Generally, they crash it into a celestial body that has no capability to support life and, such as the case of Jupiter, is hostile to the biological processes of what could possibly contaminate it.

    No life from Earth will survive in Jupiter's atmosphere. The pressure is... extreme beyond that of the extreme on Earth.

    The pressure there would be 10,000 times greater than the pressure at the deepest point in Earth's ocean. 10,000,000 Earth Atmospheres compared to 1,000 in the Marianas Trench.

    Then you have the temperature. The hottest spot on Earth (the core) is about 7300K. On the liquid 'surface' of Jupiter, it is 10,000k. The most extreme of the thermophiles on Earth live in an area less than 400k. The core of Jupiter is hotter than the surface of the Sun.

    If you find me something that can survive 10,000k temperatures and 10 million atmospheres I'd bow down to my new overlord.
     

  • by HiThere (15173) <charleshixsn@@@earthlink...net> on Friday June 04, 2010 @04:15PM (#32463130)

    If it uses DNA or RNA (quite unlikely) then I guess that contamination is possible. But since we'd want to totally sequence whatever replicator molecule it used, it would be reasonably easy to determine whether contamination is even a reasonable hypothesis.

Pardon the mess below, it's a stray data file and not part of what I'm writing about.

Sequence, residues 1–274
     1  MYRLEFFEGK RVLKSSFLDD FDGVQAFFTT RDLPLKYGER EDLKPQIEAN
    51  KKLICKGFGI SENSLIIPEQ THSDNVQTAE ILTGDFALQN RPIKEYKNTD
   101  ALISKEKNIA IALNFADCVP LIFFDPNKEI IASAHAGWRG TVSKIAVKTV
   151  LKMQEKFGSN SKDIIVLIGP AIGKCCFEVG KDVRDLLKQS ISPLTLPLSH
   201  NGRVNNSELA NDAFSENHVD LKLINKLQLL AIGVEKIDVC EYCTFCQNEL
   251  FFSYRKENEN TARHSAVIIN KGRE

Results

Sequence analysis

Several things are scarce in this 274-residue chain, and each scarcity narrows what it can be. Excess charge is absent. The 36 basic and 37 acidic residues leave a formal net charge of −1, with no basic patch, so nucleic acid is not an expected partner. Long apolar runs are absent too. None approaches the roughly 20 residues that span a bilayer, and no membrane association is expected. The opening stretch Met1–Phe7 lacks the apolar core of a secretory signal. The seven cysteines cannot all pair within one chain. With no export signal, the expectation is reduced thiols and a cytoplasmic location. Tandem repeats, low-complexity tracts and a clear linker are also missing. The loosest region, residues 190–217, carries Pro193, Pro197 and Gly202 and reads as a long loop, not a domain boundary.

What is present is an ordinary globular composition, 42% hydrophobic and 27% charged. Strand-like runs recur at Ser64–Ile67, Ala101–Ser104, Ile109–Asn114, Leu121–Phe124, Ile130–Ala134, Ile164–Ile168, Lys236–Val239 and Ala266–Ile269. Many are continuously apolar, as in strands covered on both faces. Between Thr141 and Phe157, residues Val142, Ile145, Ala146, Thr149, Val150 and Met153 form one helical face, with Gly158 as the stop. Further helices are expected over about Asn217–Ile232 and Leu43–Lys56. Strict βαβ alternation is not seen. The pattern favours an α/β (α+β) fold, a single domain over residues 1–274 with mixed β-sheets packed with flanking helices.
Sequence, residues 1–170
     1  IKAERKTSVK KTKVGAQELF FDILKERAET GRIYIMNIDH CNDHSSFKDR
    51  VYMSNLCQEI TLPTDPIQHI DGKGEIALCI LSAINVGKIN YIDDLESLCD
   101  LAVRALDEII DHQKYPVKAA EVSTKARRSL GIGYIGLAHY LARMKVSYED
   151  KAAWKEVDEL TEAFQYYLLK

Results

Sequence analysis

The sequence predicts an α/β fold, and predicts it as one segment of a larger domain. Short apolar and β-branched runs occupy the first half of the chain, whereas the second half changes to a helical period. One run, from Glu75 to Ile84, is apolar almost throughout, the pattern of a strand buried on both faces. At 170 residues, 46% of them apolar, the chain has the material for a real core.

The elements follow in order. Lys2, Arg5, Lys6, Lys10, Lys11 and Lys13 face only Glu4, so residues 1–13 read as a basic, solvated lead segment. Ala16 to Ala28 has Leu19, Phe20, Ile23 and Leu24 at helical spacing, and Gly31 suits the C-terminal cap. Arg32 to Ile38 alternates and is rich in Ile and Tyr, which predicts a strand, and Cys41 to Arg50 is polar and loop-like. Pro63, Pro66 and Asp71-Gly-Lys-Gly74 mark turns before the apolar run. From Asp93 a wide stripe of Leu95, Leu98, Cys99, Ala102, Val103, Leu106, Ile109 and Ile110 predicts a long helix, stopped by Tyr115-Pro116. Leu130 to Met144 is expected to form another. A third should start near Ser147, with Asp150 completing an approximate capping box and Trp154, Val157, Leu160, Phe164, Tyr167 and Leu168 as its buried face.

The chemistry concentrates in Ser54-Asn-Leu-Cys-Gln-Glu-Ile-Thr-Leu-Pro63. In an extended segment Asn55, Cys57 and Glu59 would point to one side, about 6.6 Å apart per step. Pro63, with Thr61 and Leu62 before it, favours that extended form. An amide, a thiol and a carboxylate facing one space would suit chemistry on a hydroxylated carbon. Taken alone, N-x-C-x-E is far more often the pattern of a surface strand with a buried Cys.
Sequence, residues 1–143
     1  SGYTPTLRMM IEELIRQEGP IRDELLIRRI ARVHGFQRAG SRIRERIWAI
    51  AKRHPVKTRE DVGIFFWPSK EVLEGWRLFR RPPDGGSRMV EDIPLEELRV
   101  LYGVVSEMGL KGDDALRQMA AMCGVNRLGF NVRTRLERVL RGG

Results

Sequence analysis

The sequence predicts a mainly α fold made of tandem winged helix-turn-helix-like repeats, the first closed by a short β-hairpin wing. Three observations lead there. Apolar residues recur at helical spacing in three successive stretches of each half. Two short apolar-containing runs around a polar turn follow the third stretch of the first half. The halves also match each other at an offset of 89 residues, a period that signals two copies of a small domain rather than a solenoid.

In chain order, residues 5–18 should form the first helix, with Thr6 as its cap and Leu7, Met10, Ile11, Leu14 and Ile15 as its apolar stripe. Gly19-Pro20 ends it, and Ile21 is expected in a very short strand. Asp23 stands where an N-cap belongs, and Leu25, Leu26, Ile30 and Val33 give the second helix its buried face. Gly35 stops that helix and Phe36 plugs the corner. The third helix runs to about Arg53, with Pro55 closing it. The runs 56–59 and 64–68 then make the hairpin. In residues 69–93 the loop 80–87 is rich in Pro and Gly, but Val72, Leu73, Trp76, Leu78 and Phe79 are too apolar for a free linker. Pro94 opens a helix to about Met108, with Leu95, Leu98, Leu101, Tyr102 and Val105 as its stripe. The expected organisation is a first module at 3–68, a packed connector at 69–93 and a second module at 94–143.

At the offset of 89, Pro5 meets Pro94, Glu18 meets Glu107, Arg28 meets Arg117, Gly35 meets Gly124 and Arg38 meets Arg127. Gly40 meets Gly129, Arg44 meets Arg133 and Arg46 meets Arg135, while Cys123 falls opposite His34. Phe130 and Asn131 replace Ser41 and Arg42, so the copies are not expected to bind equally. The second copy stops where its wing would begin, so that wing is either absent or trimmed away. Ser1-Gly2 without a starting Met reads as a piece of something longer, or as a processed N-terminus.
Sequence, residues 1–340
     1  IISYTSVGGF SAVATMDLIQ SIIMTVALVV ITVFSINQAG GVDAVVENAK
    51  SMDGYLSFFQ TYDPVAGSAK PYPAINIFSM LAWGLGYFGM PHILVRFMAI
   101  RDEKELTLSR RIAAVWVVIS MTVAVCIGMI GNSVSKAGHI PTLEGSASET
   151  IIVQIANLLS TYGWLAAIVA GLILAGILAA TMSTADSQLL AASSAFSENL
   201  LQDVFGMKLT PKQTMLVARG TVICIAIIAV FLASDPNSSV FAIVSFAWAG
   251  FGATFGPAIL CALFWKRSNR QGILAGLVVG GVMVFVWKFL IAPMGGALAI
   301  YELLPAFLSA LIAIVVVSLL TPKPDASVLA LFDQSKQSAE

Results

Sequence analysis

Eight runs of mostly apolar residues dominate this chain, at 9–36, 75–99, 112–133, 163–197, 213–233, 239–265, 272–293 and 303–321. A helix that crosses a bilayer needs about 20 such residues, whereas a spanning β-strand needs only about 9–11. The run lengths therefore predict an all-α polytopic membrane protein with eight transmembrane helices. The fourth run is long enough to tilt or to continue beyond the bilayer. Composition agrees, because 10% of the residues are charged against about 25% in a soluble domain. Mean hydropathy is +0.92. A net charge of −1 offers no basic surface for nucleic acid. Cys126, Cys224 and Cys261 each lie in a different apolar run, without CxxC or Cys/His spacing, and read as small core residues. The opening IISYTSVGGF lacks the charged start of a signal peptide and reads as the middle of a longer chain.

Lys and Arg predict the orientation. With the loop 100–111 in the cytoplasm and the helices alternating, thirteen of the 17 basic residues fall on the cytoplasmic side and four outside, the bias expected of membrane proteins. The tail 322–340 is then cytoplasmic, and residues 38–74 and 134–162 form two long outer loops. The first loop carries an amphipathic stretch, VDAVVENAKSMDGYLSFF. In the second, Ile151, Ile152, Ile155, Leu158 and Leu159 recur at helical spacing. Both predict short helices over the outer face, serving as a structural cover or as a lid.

Remember, all life on this planet is related to a measurable degree. If it's related, then we can figure out what it's most closely related to, and how long ago it diverged. (Remember, when the proto-moon collided with the earth it quite likely emitted fragments that went that far. But we could measure even that distant a relationship, albeit with less certainty.)

    But it's most likely that whatever molecule it uses for a replicator would be something not related to our nucleic acids. For one thing, the major solvents appear to be non-polar rather than polar, so anything water-based would be insoluble, where things that are lipid based would tend to be soluble. Also, the reaction rate is very temperature dependent, so it would be probable that the major chemicals of life on Titan would be unstable at STP (standard temperature and pressure).

I wish you humans would leave me alone.